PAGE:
Phillip Crossland looks back at a match where strong winds embarrass a goalkeeper, but luckily it’s not the late Ian McKecknie who has a red face…
Sometimes it is a relatively minor incident that makes a football match memorable. One which has lingered in my own memory actually had two related incidents.
We go back to the “golden era” of Waggy, Chilton, Houghton, Butler for this one, but none of them scored in the game in question. Ken Houghton wasn’t actually playing that day, presumably out injured, with Billy Wilkinson performing his familiar substitute role.
Memory is not to be completely relied on of course, and I consulted old notes and programmes before attempting to put this in writing. Thus I find it was 21st January, 1967, and Hull City were playing old rivals Millwall in Division Two (as it then was) at Boothferry Park. Given the date, it is probably not surprising that the weather played a part in proceedings. It wasn’t snow however, but a gale force wind which was the dominant feature.
I had been thinking that the recipient of the first stroke of luck was right-winger Ray Henderson, but I find it was actually midfielder Alan Jarvis. So it was he who put in a cross from the right wing. It was nearer the goalkeeper than our forwards though, and it looked like a comfortable catch for the ‘keeper. In the same instant that he rose to collect however, a sudden gust of wind diverted the ball sideways into the net, leaving him clutching at thin air!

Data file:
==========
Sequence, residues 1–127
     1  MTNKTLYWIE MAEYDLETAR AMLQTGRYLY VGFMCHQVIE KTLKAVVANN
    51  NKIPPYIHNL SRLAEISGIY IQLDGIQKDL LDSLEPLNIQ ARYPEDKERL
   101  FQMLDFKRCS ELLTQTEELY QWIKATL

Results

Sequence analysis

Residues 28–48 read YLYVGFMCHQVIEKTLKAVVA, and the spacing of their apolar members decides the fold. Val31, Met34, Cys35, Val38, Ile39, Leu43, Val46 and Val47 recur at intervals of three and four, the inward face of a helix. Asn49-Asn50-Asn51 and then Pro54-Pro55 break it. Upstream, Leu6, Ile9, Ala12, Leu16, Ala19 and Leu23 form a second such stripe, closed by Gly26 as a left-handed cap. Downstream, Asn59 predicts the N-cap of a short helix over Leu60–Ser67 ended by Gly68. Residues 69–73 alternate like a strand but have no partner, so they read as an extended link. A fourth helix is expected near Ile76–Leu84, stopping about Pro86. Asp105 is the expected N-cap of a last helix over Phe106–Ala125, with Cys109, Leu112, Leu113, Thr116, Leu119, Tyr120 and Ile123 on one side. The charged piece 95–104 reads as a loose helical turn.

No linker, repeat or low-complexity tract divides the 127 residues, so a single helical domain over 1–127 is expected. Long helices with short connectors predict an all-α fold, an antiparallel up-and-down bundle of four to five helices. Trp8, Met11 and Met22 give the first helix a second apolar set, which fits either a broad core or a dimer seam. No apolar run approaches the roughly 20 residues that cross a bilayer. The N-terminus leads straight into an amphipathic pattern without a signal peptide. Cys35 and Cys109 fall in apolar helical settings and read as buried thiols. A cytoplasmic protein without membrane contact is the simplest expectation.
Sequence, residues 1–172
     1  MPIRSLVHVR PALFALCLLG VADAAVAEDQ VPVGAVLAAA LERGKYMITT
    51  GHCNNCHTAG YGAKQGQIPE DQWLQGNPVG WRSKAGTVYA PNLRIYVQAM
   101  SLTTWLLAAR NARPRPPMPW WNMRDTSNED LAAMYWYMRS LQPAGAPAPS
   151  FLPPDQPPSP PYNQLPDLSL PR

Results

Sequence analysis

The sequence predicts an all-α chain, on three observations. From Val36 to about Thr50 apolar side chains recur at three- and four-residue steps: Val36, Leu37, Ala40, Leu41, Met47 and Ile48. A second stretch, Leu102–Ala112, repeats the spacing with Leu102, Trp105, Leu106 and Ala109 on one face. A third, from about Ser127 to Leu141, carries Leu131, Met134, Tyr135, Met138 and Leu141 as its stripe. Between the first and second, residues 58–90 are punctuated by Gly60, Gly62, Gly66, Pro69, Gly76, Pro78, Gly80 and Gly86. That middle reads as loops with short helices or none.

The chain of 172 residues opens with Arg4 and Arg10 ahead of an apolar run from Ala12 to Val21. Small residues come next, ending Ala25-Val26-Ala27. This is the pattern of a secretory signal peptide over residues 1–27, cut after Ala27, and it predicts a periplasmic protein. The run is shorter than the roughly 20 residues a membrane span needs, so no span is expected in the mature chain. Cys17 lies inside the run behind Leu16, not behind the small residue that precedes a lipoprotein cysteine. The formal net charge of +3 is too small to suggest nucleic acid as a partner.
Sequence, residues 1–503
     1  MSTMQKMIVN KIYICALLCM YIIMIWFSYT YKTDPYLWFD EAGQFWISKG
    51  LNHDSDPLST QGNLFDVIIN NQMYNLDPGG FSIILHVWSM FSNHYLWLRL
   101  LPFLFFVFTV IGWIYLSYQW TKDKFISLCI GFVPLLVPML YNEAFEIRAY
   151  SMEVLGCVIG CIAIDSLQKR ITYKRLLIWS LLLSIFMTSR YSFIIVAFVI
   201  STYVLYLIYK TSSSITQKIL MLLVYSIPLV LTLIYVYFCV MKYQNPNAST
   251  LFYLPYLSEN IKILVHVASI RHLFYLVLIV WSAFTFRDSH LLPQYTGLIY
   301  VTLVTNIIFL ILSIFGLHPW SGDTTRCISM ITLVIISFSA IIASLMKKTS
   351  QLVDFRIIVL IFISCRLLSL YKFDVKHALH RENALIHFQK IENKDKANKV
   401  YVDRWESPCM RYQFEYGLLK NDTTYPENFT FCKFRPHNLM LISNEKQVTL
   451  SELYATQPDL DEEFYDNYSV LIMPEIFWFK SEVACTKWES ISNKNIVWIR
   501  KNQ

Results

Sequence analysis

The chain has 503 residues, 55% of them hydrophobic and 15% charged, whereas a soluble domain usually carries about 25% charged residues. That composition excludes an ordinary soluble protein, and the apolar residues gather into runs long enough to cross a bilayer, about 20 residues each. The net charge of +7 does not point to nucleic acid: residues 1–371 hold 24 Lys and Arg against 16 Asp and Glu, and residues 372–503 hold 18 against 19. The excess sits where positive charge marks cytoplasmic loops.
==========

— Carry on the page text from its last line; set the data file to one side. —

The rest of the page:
The second goal in the 2-0 win was remarkably similar. Chris Simpkin, our No. 6, met a Millwall clearance down the middle by putting the ball straight back. I’m not sure if the intention was a spectacular long-range shot, or just a hopeful punt forward, but it turned out to be the former! The goalkeeper again jumped for a fairly routine catch, but once more the wind took a hand, suddenly diverting the ball beyond his outstretched hands and into the vacant net behind.
Simpkin didn’t score many goals and he was delighted! After accepting team-mates’ congratulations, he demonstrated to supporters by hand signals, just how it had swerved around the goalie! Whatever his misdemeanours in later life, as a player he was the Paul McShane-type, always fully committed, and therefore a crowd favourite.
I’m sure there was some sympathy for the Millwall goalkeeper (by name of Lawrie Leslie), and our own Ian McKechnie must have viewed events from the other end of the pitch with a little alarm. Thankfully, he seems not to have suffered such indignities.